Financial Contracts Are More Fintech than LegalTech
May 26, 2021, 11:49 a.m.
Legaltech (drafting, the workflow tooling, the review and negotiation), is important for what it is. But most of what is interesting in a contract isn’t the legal scaffolding, but instead the crucial terms and definitions. Analysis of the contract terms of importance to financial institutions is carried out within the fintech sphere.
One of the enduring messaging battles we’ve been having at Claira is how financial institutions should think about their contracts. And there’s little wonder why...oftentimes the actual indenture which would be the object of litigation or dispute is a separate document from the one that specifies that terms that are of exclusively investment interest. Think CLO indentures, for example, which almost nobody reads, and the paired offering memorandum, which also nobody reads, but from which summaries and spreadsheets are often prepared. It’s easy, then, to think that contracts are one thing, and the financial terms are another.
And yet, contracts are still definitely more objects for fintech than legaltech, but to see the reason why requires a shift in thinking on the part of business leaders within financial institutions. To many, legal is legal. It’s a dry, fraught fiefdom all its own. It’s true that legal departments deal with contracts (as they should) but much of what is contained in a contract that is actually interesting are non-legal things. Contracts are vehicles for unstructured data that can be extracted and analyzed at scale with the appropriate tool.
Plainly put, financial contracts are written to communicate the terms of financial agreements or transactions. They use a legal medium because of the need of an arbitrating third party in case of a dispute. Legaltech supports the legal processes within a financial institution, but those are a totally necessary and yet ancillary part for the functioning of an institution. But, at risk of oversimplifying, financial institutions do finance things, not law things.
This is not to say that these things are not majorly intertwined. When we at Claira work on a problem (and almost all of what we do is with contracts), we have to sift through mountains of legal chaff; classic CYA stuff that doesn’t matter for an analyst or practitioner, or stuff that’s only in there to satisfy regulation or convention. Take the following example: this Calculation Agent definition from an ABS indenture:
The Issuer agrees that for so long as the Floating Rate Notes are Outstanding there will be an agent appointed to calculate LIBOR for each Interest Period (the “Calculation Agent”). The Issuer appoints The Bank of New York Mellon as Calculation Agent only for the purposes of determining LIBOR for each Interest Period and The Bank of New York Mellon accepts the appointment.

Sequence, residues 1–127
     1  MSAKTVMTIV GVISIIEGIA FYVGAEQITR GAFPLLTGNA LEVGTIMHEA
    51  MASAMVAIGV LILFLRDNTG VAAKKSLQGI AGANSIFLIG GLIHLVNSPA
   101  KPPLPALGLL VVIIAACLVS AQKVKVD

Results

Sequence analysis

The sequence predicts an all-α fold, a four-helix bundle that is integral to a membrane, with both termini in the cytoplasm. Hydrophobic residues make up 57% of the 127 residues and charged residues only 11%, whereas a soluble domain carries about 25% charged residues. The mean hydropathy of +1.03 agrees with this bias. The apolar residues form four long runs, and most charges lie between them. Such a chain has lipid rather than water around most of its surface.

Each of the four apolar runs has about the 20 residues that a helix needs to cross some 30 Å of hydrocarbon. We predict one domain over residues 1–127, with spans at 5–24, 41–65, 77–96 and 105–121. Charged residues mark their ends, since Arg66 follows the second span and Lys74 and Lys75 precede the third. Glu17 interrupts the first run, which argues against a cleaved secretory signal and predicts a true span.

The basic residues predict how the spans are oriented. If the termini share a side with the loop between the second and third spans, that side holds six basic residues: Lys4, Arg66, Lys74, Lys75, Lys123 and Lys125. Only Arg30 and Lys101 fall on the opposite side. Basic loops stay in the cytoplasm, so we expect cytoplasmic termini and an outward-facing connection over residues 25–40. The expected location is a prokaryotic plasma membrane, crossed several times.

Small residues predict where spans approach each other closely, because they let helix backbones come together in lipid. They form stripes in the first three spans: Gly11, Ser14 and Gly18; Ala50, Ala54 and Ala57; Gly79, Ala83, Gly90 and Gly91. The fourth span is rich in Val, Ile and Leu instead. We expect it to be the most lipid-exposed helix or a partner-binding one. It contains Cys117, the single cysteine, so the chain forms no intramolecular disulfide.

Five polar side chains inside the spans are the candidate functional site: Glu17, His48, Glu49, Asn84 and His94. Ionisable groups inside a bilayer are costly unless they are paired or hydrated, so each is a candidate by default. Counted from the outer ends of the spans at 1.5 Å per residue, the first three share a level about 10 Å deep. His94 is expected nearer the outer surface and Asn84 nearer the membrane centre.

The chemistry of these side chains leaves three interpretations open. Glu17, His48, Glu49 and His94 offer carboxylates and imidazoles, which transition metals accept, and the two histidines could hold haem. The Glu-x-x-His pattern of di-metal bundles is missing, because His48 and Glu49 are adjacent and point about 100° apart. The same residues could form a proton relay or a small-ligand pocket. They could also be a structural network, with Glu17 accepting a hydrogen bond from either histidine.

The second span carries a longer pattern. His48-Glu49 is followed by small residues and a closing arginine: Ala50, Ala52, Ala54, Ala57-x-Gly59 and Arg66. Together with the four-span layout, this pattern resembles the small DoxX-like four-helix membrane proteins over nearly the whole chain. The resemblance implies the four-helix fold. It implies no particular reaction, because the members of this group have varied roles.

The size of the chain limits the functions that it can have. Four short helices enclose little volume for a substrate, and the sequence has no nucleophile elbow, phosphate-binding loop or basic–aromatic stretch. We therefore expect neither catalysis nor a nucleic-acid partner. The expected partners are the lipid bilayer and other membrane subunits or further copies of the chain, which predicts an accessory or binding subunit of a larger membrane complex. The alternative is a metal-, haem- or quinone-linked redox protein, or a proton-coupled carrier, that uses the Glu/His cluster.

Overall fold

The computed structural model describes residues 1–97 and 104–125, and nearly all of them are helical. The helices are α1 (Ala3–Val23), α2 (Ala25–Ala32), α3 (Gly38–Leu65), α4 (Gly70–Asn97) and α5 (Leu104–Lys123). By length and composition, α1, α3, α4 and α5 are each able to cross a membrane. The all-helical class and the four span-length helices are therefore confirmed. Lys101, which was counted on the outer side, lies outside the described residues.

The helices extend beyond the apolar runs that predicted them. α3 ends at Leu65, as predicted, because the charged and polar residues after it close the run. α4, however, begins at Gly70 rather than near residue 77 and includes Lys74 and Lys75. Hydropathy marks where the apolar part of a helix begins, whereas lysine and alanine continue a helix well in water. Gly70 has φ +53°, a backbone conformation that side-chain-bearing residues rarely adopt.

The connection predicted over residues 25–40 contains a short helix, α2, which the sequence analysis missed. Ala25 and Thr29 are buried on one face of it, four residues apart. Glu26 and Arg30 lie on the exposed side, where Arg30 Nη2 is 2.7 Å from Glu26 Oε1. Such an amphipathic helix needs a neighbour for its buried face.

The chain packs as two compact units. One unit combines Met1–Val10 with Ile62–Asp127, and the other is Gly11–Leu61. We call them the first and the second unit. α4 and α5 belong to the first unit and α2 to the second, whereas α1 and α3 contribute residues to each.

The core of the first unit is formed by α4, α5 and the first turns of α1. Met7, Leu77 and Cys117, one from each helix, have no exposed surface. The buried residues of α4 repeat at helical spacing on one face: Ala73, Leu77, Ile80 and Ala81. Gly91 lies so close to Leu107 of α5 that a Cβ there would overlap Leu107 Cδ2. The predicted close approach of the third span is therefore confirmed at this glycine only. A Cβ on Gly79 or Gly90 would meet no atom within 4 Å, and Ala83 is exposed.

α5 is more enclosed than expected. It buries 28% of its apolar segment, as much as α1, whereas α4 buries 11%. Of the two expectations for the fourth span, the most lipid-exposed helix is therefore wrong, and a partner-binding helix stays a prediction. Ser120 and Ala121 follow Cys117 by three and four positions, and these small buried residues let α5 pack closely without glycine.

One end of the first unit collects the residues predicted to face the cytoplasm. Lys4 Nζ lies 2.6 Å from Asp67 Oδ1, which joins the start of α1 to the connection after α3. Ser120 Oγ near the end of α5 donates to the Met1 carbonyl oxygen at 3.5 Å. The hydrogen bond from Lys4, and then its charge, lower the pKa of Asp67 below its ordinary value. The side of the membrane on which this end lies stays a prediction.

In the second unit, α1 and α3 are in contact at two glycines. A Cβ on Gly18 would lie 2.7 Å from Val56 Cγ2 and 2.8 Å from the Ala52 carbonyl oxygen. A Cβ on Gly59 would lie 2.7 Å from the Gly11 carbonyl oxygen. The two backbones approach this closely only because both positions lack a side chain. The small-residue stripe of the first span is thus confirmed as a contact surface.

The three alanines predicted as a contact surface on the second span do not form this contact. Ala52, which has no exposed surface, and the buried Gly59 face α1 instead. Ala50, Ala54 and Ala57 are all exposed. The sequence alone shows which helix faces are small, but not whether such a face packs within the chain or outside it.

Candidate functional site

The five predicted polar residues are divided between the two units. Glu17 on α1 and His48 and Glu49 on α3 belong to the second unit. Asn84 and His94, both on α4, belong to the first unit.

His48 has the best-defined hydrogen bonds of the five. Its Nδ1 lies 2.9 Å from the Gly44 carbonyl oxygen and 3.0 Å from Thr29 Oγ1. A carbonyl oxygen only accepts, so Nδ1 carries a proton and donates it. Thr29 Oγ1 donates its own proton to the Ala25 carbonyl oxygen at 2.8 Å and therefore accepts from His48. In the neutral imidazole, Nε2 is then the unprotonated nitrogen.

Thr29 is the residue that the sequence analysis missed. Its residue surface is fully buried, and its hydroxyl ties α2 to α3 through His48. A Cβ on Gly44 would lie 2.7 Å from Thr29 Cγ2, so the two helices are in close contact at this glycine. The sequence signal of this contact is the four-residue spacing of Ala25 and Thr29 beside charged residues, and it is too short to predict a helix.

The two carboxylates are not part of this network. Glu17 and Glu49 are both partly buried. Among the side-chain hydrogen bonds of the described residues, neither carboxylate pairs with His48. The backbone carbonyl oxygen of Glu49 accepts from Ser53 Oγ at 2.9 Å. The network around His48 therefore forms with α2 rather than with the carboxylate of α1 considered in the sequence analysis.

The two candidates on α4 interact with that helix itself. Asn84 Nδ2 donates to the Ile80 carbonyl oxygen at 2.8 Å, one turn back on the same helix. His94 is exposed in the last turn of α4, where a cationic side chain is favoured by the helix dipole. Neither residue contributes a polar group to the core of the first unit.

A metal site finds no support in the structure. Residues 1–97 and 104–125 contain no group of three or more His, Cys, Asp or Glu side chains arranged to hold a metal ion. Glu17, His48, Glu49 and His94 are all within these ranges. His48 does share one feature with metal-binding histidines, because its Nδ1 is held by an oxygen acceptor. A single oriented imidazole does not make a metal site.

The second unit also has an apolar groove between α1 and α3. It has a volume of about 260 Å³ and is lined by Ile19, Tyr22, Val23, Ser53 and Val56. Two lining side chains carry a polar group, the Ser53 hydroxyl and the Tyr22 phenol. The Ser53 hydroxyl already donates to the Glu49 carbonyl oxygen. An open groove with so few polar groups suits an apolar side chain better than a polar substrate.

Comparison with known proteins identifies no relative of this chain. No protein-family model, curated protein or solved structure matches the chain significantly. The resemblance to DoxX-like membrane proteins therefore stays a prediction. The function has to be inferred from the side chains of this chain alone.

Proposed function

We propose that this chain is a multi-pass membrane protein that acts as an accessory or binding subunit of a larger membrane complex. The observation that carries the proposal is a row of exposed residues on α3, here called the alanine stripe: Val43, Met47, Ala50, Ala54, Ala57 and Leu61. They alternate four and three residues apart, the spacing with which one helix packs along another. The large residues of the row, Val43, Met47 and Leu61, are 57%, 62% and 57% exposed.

Everyone who is not a lawyer reading this in an attempt to discover who the Calculation Agent is already knows that there must be a Calculation Agent. They are interested only in the identity of the Calculation Agent. Reminding them, as the first sentence does, that the issuer is going to use a Calculation Agent is therefore quite pointless (and the grandiose and The Bank of New York Mellon accepts the appointment quite amusing in its own right).
Granted, it is not novel to point out that drafters put information in an indenture that really doesn’t do anything, but not all such lawerly things are so pointless. Some highly significant information comes packaged in lawyerspeak that for the uninitiated looks inert. One example of this are the many flavors of “will use best efforts to” / “in good faith” etc, part of a conventional domain known as “effort standard”. When we at Claira analyze a clause, we know we have to be ready to analyze effort standard language as well.
Separating the wheat from the chaff therefore is the name of the game, but the wheat is mostly financial information and the chaff is mostly the legal scaffolding, CYA, compliance etc. When making use of a contract (outside of litigation, which is rare), it is a challenge to separate the two, which is why purpose-built analysis tools like the ones we build at Claira are useful.
None of this is to say that a fintech technology should endeavor to become so-called “shadow legal”, which, in this context, would imply the use of an unqualified and naive tool or service to do work that should be done by qualified professionals. Instead, it is only to say that that quite a lot can be pulled out and analyzed independent of the legal medium, and what can be pulled out constitutes most of what a financial institution takes an interest in. The legal side, the drafting, the workflow tooling, the review and negotiation, all of that is important for what it is. But most contracts in existence aren’t ones that need the drafting or workflow. They are in need of analysis, and that is carried out within the fintech sphere.